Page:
One of the main topics for discussion at last week’s OTA Forum in Washington D.C. was the rash of security breaches targeting ESPs over the past year. We heard a lot from concerned brands and service providers about the nature of the threats, and the measures they can take to representatives of government on breach reporting and other regulatory remedies. I’m sure this will be a major topic of discussion at MAAWG this week in Paris as well.

Some industry organizations, such as the OTA and ESPC, have issued best practice guidelines to help enterprises and ESPs better protect their systems and data assets. And ESPs have begun to put competitive differences aside in comparing notes on common threats and challenges. Notable too is the consumer education initiative, “Why Your Browser Matters,” launched last month by the major browser providers (Google, Microsoft, Mozilla and Opera) and supported by various industry groups and major brands.

Yet, despite these positive indicators, I believe any casual observer of our industry would conclude that our response to this ‘clear and present danger’ has been uneven, fragmented at best. There’s been much alarmist talk, hand wringing and chest thumping, but little definitive action. As marketers, we persist in the belief that security is someone else’s problem and seem content to bury our heads in sand hoping against hope that the bad guys will pass us by.

To me, this is lunacy. When you examine the nature of the threat posed by spear phishing and its ramifications for our trust relationships, I think you’ll conclude as I have that this is a survival issue for our discipline and medium, regardless of where we fit in the ecosystem. Marketers must become be the biggest proponents of security and its most vocal champions.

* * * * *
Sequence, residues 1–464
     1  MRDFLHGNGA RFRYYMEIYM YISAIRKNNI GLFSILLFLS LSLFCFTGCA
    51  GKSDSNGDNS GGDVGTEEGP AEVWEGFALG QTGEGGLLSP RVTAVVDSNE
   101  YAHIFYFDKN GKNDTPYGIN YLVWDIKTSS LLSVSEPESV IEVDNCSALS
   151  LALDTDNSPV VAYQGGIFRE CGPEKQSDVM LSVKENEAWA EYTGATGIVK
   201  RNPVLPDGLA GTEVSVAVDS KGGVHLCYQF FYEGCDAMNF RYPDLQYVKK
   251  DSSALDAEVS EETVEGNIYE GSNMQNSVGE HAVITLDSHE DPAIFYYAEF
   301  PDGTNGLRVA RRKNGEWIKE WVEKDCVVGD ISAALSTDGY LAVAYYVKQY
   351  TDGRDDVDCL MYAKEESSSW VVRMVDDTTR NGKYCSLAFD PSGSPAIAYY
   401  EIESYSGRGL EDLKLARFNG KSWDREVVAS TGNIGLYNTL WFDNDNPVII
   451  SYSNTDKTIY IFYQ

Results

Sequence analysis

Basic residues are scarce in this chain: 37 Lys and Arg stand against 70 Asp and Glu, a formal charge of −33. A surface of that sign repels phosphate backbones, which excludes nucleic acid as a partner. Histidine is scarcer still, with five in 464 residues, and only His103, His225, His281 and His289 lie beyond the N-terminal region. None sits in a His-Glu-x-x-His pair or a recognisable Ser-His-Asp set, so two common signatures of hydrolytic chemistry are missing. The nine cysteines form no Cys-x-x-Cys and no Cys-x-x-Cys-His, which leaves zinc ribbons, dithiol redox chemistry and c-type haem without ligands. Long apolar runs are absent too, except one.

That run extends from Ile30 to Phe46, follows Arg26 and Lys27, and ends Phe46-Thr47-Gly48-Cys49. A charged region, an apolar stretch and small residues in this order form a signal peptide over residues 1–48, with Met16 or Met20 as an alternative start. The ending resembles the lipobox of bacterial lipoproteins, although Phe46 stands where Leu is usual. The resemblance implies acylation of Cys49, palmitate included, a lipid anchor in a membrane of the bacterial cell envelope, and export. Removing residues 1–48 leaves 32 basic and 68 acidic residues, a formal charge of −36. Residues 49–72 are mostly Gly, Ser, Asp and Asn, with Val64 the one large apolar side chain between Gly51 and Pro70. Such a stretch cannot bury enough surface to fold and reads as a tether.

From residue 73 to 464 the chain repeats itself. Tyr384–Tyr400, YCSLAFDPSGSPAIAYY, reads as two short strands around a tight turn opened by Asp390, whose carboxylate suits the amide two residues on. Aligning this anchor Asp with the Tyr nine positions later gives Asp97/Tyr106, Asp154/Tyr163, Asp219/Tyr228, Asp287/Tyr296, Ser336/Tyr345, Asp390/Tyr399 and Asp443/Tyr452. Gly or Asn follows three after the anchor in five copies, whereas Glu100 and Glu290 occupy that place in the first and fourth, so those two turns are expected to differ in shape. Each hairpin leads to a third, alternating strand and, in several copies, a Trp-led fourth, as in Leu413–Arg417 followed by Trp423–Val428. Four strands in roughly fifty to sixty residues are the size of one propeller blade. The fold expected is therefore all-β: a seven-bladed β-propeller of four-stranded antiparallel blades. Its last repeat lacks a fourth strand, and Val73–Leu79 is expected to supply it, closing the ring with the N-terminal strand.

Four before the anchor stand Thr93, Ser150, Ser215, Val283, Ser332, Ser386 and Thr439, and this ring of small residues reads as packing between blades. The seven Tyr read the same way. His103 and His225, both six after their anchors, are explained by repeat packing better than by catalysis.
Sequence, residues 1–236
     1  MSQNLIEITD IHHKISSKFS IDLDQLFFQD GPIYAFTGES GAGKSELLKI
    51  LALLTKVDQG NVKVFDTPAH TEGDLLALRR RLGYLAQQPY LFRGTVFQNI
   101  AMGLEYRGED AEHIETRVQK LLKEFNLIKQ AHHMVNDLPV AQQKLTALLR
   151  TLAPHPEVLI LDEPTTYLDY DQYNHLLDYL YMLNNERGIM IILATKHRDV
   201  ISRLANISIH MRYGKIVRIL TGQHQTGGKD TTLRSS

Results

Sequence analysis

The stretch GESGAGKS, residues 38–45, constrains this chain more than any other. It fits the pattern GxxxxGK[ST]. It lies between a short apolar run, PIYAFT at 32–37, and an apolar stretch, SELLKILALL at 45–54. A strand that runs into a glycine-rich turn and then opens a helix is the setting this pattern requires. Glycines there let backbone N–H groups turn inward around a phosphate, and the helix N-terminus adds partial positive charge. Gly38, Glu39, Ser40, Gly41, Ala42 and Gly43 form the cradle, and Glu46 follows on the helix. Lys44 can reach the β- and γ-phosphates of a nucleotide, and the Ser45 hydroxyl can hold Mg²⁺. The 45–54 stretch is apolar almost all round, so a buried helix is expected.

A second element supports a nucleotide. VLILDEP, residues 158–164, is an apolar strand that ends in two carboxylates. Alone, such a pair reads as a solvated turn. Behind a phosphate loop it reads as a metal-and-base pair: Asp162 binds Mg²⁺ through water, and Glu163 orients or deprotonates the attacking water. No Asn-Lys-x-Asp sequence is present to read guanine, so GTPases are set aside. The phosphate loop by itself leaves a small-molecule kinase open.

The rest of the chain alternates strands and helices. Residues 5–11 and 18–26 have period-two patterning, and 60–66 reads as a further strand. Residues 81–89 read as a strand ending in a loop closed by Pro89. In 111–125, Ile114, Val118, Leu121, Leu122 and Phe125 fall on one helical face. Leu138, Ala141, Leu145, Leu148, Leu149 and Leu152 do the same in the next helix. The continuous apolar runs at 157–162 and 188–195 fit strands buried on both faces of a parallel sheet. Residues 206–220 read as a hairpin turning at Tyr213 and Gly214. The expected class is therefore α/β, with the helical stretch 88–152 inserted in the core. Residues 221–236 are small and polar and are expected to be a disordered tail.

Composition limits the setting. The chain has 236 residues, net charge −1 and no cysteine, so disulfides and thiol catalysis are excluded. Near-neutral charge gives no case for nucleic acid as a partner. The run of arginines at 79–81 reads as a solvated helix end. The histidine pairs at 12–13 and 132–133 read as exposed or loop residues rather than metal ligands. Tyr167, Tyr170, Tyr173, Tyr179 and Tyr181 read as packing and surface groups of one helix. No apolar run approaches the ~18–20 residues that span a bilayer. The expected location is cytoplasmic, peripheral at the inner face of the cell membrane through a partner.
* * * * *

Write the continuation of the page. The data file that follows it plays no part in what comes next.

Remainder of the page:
And this brings me the point of this post.  Ever since the Epsilon breach earlier this year, there’s been much lively discussion within the marketing community on the best way forward to more secure messaging. My friend Dela Quist from Alchemy Worx has proposed a tsunami warning system or a ‘threat clearinghouse’ through which all members of the community would openly share news of breaches or suspected malicious activity. While such a system is definitely needed, realistically I’m not convinced the infrastructure is in place to quickly get a functioning system into place.

What I do think we can do in the near term, however, is to raise awareness in the industry, help it shake off the collective complacency and rally it to action. Because the reality is that the bad guys won’t pass us by if we’ve got the data they want or can provide access to someone who does. These guys are smart, they know how the email and online marketing ecosystems work. Heck, they’re using our own tactics against us. They prosper at our expense; thrive on our inaction and fragmented response.

Toward this end, Message Systems has just issued a new white paper on how enterprises and ESPs can safeguard their message streams from a technology standpoint. We know that security isn’t just a technology issue, but believe that the ‘right’ messaging technology framework is required to make best use of the guidelines issued by the OTA, ESPC and others. What we’ve tried to do in this paper is repurpose what we’ve learned in helping ISPs and carriers counter similar threats to the challenges now facing enterprises and ESPs. Our motivation is to spark industry dialogue on how to best respond to the threat we collectively face.

So I’d encourage you to read the white paper: Safeguarding Message Streams for Enterprises and Email Service Providers. And let’s keep the discussion going. We’d love to hear from you in the comments. Where do you think we need to go from here?  We can’t change the reality of 2011 being the ‘Year of the Breach.’  But what we can do is make 2012 the ‘Year of Safe & Secure Messaging.’